“Seal hunting has a bad reputation in the media due to the lack of consistency and our ancestral method to kill. We found that it was the best and painless way to do it. We have to talk about it so people understand,” says Rejean Vigneau.

For the 12th year in a row, the Magdalen Islands “Le rendez-vous loup-marin” festival turned seal products into culinary experiences.

However, the pandemic transformed the 2021 edition into a social media event. Under the circumstances, the festival ended up bringing a broader audience and allowing them to follow the recipes in their own kitchens.

“People outside the local area who were watching the events online told us it was like being part of Magdalen Islands’s community from far away!” said Celine LaFrance, the coordinator of the “Rendez-vous loup-marin”.

A view from Ile Brion during the 2021 seal hunt. Photo Courtesy.

The usual in-person festival was sponsored by the local bio food association Le Bon Goût Frais des Îles. They produced videos of seal recipes throughout the week on Facebook for an audience that spanned from France, Switzerland, New-Brunswick and back to the province of Quebec. For the official committee, the event was different yet successful this year, looking back at the participation rate online and the 250 meals sold during the week.

While locals had the opportunity to get a meal made by the chefs Jacques Leblanc and Hugo Lefrançois at three pick-up stations, the gourmet experience was made accessible to the population by selling individual portions.

“Some seal lovers don’t like to go out and eat so the pick-up stations gave them the opportunity to enjoy a gourmet meal in their own home. We had a great turn out!” said LaFrance.

TSeaDNA, known to focus on selling OMEGA-3 products made out of seal oils, also shared recipes, showing how to cook seal meat in several new ways, including cranberries toppings and cheesy appetizers.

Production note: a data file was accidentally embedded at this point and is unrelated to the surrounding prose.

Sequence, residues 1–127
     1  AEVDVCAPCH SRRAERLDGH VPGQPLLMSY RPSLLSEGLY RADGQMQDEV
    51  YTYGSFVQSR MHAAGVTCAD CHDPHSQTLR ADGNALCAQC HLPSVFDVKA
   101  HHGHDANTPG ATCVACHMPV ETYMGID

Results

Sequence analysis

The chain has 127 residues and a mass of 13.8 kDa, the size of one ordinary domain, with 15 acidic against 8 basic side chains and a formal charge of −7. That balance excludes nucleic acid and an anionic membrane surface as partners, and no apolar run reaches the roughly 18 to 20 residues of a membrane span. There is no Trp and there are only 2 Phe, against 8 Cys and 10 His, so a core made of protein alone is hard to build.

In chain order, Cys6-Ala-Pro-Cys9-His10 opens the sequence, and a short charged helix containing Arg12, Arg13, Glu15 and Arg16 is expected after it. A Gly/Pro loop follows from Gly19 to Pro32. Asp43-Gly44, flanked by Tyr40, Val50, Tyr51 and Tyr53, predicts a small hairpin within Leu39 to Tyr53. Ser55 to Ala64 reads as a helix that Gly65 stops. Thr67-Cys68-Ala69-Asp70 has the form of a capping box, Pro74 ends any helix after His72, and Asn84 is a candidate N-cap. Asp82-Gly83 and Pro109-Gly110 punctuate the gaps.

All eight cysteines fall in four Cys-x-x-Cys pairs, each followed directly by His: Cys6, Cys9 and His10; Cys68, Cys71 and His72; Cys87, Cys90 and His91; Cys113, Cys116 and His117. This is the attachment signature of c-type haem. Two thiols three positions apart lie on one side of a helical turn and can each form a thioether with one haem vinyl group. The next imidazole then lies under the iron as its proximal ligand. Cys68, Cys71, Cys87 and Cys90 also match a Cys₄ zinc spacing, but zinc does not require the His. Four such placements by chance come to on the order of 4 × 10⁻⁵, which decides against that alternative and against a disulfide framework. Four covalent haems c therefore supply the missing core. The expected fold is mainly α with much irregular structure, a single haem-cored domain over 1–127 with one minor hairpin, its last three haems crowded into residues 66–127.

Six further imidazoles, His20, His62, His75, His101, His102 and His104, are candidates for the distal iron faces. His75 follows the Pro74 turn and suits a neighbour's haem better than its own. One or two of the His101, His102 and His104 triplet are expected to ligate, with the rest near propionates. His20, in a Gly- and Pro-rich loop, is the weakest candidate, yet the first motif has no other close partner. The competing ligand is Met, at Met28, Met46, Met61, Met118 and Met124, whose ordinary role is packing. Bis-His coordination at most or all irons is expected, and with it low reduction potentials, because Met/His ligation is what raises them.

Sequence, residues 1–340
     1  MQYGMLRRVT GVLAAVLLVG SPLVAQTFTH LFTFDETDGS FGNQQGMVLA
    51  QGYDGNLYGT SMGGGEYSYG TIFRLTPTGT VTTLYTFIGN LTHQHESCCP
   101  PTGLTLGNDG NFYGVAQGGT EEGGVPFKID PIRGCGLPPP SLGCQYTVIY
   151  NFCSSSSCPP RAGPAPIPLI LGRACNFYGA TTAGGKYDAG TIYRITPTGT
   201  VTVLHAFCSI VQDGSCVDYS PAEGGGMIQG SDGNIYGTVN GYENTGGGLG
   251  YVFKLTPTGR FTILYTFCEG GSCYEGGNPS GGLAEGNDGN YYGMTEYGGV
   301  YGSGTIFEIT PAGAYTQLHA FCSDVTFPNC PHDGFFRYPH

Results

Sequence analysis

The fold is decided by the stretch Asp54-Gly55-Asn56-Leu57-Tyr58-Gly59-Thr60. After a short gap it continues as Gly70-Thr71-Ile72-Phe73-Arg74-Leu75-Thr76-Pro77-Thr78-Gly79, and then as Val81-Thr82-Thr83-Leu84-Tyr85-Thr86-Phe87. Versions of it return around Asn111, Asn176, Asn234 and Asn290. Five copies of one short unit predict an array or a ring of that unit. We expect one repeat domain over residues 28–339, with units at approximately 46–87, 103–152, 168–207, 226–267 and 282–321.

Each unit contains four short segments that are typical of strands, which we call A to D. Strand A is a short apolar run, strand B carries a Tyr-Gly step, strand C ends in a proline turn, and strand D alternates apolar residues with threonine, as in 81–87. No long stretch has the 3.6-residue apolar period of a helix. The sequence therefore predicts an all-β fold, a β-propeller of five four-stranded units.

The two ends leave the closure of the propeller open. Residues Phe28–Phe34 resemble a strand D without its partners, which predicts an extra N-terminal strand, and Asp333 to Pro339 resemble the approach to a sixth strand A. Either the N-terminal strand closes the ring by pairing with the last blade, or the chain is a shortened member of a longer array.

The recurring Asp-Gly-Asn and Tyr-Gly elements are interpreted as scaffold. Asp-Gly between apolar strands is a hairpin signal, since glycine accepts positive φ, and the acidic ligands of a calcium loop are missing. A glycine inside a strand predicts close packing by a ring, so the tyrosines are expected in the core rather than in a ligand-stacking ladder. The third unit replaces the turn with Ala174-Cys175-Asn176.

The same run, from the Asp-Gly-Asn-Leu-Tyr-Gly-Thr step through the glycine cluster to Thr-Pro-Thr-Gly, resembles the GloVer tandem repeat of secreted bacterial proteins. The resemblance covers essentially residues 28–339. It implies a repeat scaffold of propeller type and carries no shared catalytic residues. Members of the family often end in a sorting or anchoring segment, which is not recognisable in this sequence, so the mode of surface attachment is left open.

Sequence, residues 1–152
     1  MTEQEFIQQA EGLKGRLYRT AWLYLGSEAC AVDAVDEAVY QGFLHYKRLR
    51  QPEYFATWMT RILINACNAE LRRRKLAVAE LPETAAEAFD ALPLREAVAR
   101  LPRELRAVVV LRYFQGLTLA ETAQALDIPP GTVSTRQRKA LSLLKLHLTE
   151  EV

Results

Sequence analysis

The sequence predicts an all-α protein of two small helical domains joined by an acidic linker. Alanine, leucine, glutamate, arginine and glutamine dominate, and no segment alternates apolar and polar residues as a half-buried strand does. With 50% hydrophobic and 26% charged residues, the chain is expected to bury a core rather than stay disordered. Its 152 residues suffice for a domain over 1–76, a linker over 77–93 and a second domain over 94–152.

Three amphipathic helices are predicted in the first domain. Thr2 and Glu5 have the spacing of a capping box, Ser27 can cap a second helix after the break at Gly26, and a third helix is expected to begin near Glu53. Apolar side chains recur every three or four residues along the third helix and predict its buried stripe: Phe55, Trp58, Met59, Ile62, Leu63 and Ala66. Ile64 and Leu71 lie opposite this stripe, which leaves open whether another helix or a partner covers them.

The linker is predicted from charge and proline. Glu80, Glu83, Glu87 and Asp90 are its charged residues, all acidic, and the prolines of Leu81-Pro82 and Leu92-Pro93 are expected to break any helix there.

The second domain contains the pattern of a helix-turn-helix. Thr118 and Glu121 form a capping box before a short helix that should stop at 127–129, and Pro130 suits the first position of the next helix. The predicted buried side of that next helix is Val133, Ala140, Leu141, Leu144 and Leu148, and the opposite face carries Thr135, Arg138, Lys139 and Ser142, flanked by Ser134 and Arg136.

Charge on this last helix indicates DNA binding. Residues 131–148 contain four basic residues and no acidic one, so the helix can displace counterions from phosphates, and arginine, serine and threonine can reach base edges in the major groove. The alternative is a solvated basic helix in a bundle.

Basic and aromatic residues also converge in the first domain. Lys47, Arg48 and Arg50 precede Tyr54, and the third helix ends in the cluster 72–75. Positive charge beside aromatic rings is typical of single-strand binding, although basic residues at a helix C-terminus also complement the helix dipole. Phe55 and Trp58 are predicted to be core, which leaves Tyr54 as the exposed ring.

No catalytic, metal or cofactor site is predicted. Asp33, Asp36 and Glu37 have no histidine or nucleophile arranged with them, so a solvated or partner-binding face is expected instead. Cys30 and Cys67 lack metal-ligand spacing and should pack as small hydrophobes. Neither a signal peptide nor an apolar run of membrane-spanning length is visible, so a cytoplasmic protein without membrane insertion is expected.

All the activities were held online such as the inauguration night via Facebook Live (and live on the local radio CFIM) on March 4.

The Facebook page “Rendez-vous loup-marins des Iles de la Madeleine” not only shared gourmet as well as traditional recipes and culinary seal products, they exhibited local artwork inspired by the celebrated practice of seal hunting.

For the experienced hunter and entrepreneur, to make a real change, the Ministry of the Environment would have to support the hunt instead of being on the defensive. It would have to be a social acceptance all together.

“It really sticks in our imagination, a lot of people hold on to those images and to the beauty of the animal. They look so innocent and then the human comes and the snow is painted with red, it’s quite a cinematographic symbol,” Thériault says.

Hunters fail to understand the controversy. No easy answers can be authentic to the practice that has been around for centuries. Magdalen Islands hunters are asking to be heard and claiming their territory back: Île-Brion.

Map of magdalen islands and ile brion

A map of Magdalen Islands and Ile Brion introducing the trajectory of the scientific hunt.

The wild, untouched and mostly abandoned natural reserve Île Brion, floating 16 km away from the main Islands, became over the years a home for the seal population to lay on the coast and the beach. Once inhabited by a few families, Île-Brion is now a ghost Island and place of diverse wildlife. To protect the territory from a hydro-carbide project discussed in the 1990s, the Islands became a natural reserve, restricting any contact with the land.

Boat on a dock during a snowstorm

Boats frozen and crumbling under the snow at the Pointe-Basse docks after several days of cold the first week of February. Photo by Camille Miousse.

The Ministry of the Environment will send a report about the scientific hunt that took place at the beginning of the month including their observation and the impacts on the environment after the hunter’s visit to the natural reserve. The community is impatient to get some answers after all these years of asking to be heard.

“We can only wait now,” says Rejean Vigneau.

Main photo by Camille Miousse.
Published May 25, 2021.